While the guidewire assembly 200 with the collar 260 fixed to the distal end 252 of the tube 250 is preferred, those skilled in the art will recognize that a guidewire assembly 300, shown in
In use, the straightener 210 is advanced distally with respect to the tube 250 until the proximal end 214 of the straightener 210 is removed from the tube, as show in
After the guidewire 202 is inserted a desired distance into the patient, the guidewire straightener assembly 300 is removed from the guidewire 202 by sliding the assembly 300 proximally along the guidewire 202 until the guidewire 202 exits the assembly 200. The assembly 300 is discarded and the catheter insertion procedure continues according to steps and processes well known in the art.
Yet another embodiment of the present invention is shown in
The straightener 410 includes a distal end 412 that is generally conically or frusto-conically shaped. The distal end 412 is shaped to facilitate insertion of the distal end 412 into an introducer device, such as an introducer needle (not shown). The straightener 410 also includes a proximal end 414 that includes a biasing member 416. A longitudinal axis 417 extends through the straightener 410. A straightener passageway 418 extends along the longitudinal axis 417 through the straightener 410 between the distal end 412 and the proximal end 414. The passageway 418 has a diameter D1 that is sized to allow the guidewire 402 to be able to be translated therethrough with a minimal force during insertion of the guidewire 402 into the patient.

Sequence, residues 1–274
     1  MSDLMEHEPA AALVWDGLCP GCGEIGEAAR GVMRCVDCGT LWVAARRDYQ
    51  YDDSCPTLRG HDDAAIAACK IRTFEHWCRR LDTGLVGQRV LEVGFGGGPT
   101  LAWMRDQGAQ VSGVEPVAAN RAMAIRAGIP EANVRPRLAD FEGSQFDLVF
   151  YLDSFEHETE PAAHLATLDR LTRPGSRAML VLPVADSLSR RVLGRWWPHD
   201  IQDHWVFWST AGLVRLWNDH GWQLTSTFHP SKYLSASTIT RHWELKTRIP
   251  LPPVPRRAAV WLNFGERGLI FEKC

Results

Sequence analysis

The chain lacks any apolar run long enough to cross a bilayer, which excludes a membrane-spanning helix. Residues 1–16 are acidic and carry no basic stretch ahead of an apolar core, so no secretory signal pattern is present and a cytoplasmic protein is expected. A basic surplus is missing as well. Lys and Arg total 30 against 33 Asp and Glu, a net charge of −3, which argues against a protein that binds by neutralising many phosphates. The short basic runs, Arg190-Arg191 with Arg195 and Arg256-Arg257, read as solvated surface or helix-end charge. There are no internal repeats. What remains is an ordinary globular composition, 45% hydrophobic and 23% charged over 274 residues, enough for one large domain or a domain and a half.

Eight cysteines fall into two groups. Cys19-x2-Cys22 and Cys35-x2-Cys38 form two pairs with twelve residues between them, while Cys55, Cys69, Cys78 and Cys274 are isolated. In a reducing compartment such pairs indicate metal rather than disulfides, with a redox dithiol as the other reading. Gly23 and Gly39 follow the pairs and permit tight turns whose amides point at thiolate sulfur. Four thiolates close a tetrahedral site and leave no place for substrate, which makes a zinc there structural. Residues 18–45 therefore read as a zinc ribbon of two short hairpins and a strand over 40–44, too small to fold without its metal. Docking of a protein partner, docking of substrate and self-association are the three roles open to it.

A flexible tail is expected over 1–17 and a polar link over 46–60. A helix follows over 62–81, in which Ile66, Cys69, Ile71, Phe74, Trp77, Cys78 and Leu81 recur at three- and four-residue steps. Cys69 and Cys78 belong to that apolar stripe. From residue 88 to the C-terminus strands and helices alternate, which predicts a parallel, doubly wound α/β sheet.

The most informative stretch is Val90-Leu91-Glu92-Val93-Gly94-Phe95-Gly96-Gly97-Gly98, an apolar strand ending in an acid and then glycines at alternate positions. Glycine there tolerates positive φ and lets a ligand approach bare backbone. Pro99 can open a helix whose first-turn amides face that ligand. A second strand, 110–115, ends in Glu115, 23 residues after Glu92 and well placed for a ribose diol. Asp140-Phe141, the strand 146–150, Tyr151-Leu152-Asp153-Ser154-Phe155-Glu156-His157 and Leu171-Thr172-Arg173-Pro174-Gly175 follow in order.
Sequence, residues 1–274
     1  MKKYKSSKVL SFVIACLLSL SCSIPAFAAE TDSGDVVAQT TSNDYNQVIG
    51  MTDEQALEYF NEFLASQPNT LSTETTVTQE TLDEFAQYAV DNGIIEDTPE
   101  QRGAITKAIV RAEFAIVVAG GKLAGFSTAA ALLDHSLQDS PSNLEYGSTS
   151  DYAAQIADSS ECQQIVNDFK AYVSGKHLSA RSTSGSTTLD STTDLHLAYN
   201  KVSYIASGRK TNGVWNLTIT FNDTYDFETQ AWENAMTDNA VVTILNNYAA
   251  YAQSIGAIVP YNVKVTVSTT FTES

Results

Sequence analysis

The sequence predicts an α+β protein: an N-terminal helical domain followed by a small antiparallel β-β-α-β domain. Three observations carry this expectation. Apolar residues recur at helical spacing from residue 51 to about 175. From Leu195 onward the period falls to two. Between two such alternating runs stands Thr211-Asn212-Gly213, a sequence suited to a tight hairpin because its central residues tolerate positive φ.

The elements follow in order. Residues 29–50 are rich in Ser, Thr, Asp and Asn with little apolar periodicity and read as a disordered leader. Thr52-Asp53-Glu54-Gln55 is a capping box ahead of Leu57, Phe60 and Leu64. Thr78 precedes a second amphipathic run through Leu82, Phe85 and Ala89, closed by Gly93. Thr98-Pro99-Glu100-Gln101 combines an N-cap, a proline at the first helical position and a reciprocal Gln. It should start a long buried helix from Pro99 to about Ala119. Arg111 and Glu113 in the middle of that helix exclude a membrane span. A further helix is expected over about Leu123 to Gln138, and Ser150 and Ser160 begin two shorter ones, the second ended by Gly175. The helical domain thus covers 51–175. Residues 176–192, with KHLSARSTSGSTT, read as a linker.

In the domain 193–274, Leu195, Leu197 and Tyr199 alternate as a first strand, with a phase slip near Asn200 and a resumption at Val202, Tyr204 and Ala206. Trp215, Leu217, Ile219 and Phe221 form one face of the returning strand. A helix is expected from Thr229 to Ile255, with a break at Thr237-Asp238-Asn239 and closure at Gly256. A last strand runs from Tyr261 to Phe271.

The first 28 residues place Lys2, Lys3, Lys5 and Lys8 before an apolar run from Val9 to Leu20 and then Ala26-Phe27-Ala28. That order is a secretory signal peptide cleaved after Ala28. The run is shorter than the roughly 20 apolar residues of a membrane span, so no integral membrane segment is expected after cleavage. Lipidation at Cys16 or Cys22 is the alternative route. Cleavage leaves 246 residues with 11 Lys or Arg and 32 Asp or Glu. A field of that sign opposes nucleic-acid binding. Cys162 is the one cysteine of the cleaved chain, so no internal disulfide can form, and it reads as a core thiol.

The biasing member 416 includes a plurality of fingers 420 that extend in a proximal direction. Similar to the biasing member 216 described above and shown in
The straightener 410 includes a groove 430 disposed between the distal end 412 and the proximal end 414. The groove 430 is sized and shaped to allow the distal end of the swivel lock assembly 460 to be rotatably attached to the straightener 410, as will be described more in detail later herein.